Androgenic alopecia, which is also known as pattern baldness, is a genetically determined and progressive form of hair loss occurring on the scalp. The precise causes of androgenic alopecia are not fully understood, but sensitivity to the actions of dihydrotestosterone (DHT) in the hair follicles is known to be a major factor. Androgenic alopecia is most often used to refer to male-pattern hair loss as androgens and they are a type of male hormone. As such, female-pattern hair loss is a more appropriate term to describe progressive hair loss in women. Treatment for androgenic alopecia consists of both surgical solutions and medical therapies that can help men and women of all ages slow or reverse hair loss at the temples and crown.
GOOD CANDIDATES for androgenic alopecia treatments are:
Patients who are NOT GOOD CANDIDATES include:
Treatment for androgenic alopecia consists of either surgical solutions or medical therapies.
Surgical solutions for pattern baldness are typically classed under two types:
FUE and Strip surgeries are minimally invasive outpatient procedures performed under local anesthesia. Hair transplant surgery uses a patient’s own natural DHT-resistant terminal hairs to restore the thinning or balding areas on the scalp.
With the FUE procedure, hair follicles are removed one-by-one from the donor site. The hair follicles are then transplanted individually to the thinning or balding areas of the temple or crown. If done by a master hair restoration specialist, this method leaves no visible linear scar.
With the FUT or strip method, a thin strip of scalp is removed from the back of the head containing numerous hair follicles. These follicles are then transplanted one-by-one into the balding area. This method leaves a very thin linear scar at the back of the head which is rendered non-visible once the hair grows back.
A hair transplant will normally take five to eight hours to perform.
Medical therapies for the treatment of androgenic alopecia may be classified into four types:
Minoxidil, finasteride and low level laser therapy are the only FDA-approved medical hair restoration treatments currently available on the market.
The RECOVERY time for hair transplant patients is very minimal. Most patients resume normal activity within a day or two. Beyond this, there is no significant DOWNTIME to be observed. Tiny crusts will form where the transplants have been placed and they usually shed within four to seven days. The small hairs in the newly transplanted grafts normally shed two to four weeks after the procedure and permanent hair growth begins in eight to 12 weeks.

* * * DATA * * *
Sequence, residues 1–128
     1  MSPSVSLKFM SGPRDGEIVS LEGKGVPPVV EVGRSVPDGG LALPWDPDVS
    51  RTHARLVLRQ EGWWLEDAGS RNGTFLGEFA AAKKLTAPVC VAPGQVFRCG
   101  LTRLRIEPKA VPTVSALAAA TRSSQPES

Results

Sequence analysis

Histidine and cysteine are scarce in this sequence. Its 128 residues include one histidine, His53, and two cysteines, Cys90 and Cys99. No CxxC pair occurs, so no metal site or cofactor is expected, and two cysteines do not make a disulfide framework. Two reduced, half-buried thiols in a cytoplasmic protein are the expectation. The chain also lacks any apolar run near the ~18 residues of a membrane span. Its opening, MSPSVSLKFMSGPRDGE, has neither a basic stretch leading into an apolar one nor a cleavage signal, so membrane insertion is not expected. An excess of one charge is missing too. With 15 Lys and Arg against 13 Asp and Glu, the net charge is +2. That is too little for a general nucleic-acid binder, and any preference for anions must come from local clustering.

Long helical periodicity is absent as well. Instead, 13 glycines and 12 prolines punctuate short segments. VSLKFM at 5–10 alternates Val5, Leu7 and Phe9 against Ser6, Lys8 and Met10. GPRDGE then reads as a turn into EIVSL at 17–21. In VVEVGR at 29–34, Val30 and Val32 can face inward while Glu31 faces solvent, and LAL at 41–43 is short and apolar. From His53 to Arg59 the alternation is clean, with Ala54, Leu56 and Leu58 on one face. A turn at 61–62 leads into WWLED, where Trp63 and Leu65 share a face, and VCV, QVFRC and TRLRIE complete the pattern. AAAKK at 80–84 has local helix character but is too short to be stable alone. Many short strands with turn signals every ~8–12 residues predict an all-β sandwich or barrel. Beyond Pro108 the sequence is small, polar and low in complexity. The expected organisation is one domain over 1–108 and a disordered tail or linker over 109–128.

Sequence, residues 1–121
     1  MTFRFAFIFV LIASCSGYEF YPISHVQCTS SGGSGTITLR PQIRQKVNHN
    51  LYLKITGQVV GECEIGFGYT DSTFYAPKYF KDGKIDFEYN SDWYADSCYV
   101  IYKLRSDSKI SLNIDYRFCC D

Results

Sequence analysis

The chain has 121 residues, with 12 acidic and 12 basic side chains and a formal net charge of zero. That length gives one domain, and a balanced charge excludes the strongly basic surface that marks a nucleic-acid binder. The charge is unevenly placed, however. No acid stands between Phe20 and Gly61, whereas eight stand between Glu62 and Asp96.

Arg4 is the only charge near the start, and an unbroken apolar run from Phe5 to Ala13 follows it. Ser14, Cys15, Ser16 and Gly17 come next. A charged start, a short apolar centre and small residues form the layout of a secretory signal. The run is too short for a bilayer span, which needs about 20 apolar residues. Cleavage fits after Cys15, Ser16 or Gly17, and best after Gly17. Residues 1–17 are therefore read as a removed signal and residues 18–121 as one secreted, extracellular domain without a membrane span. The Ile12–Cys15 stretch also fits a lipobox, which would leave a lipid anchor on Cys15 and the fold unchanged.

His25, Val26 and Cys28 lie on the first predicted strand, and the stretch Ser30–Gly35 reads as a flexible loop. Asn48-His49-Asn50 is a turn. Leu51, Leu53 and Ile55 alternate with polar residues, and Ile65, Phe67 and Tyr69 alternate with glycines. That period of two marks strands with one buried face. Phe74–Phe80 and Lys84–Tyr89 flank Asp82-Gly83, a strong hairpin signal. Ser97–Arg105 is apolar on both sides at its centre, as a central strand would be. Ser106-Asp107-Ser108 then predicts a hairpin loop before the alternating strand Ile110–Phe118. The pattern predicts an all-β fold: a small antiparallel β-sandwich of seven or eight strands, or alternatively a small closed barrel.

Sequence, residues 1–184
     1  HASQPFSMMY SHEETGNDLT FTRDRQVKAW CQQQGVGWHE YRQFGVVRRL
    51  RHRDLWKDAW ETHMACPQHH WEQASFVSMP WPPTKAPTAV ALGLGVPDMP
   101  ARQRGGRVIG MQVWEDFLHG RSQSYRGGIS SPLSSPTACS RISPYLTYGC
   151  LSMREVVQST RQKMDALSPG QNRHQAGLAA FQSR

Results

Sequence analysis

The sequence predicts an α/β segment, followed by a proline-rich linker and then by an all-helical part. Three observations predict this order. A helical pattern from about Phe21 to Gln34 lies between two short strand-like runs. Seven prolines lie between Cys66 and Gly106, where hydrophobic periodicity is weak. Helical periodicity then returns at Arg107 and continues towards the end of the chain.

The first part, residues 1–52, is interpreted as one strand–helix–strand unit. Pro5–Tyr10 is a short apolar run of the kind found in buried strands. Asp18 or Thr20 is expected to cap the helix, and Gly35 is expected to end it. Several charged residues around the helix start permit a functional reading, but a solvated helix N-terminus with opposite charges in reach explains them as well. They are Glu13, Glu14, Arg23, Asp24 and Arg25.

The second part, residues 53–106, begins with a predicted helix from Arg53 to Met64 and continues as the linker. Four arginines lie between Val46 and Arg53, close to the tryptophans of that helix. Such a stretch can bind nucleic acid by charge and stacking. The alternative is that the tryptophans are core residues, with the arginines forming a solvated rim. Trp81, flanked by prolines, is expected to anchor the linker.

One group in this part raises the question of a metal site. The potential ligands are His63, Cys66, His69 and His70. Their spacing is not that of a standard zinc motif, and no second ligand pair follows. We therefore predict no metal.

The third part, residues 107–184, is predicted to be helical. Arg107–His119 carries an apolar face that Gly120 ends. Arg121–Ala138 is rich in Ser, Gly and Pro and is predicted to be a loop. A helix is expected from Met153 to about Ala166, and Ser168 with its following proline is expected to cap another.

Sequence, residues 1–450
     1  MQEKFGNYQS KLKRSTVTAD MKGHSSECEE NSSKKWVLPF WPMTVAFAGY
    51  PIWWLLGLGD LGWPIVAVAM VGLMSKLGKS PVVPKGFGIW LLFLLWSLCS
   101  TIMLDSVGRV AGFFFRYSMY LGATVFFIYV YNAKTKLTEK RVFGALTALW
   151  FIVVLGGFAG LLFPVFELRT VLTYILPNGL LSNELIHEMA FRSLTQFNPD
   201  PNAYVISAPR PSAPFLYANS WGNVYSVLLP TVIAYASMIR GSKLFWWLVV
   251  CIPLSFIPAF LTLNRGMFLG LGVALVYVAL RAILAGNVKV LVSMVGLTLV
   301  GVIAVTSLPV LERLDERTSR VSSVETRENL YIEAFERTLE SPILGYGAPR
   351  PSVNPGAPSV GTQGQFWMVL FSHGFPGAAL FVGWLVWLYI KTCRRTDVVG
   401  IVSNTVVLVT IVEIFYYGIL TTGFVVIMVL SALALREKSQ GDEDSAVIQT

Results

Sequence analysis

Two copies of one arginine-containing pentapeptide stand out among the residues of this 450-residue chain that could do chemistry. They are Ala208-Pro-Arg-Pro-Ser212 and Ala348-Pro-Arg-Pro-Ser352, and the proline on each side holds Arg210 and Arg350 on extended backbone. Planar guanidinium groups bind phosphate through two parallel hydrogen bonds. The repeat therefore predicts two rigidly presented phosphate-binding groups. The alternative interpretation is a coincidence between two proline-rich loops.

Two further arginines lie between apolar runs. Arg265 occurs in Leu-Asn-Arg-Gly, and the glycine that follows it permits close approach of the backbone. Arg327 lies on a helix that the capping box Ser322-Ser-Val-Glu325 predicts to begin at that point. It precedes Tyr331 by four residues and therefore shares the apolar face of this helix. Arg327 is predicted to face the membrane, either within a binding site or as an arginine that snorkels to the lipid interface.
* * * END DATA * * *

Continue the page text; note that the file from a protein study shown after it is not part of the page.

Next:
The RECOVERY time for PRP patients is minimal to none. A patient may resume all work or social activities immediately after the treatment
Hair transplant (surgical solution) patients should expect significant cosmetic hair growth within six months and full hair growth within nine to 12 months. One or two procedures are usually enough to treat a specific area of hair loss. Potential future hair loss is taken into account when any hairline work is performed. The initial consultation between the patient and surgeon helps to individualize the procedure to the patient. The final results of FUE and FUT are permanent.
Medical therapies to treat androgenic alopecia consistently demonstrate a deceleration in hair loss and a re-growth of miniaturized follicles. These therapies are extremely powerful and reliable tools to increase follicular density and decelerate hair shedding and loss. Medical therapies also delay the need for additional surgery.
The limitations are mainly found in the surgical options:
Surgical option risks include:
Medical therapy risks include:
It is of the utmost importance for patients to research and find an experienced and technically advanced hair restoration specialist to diagnose and treat androgenic alopecia. A veteran hair transplant physician or surgeon will be able to accurately assess and evaluate the individual dermatological needs of a patient and make a treatment plan according to the specific needs of the person.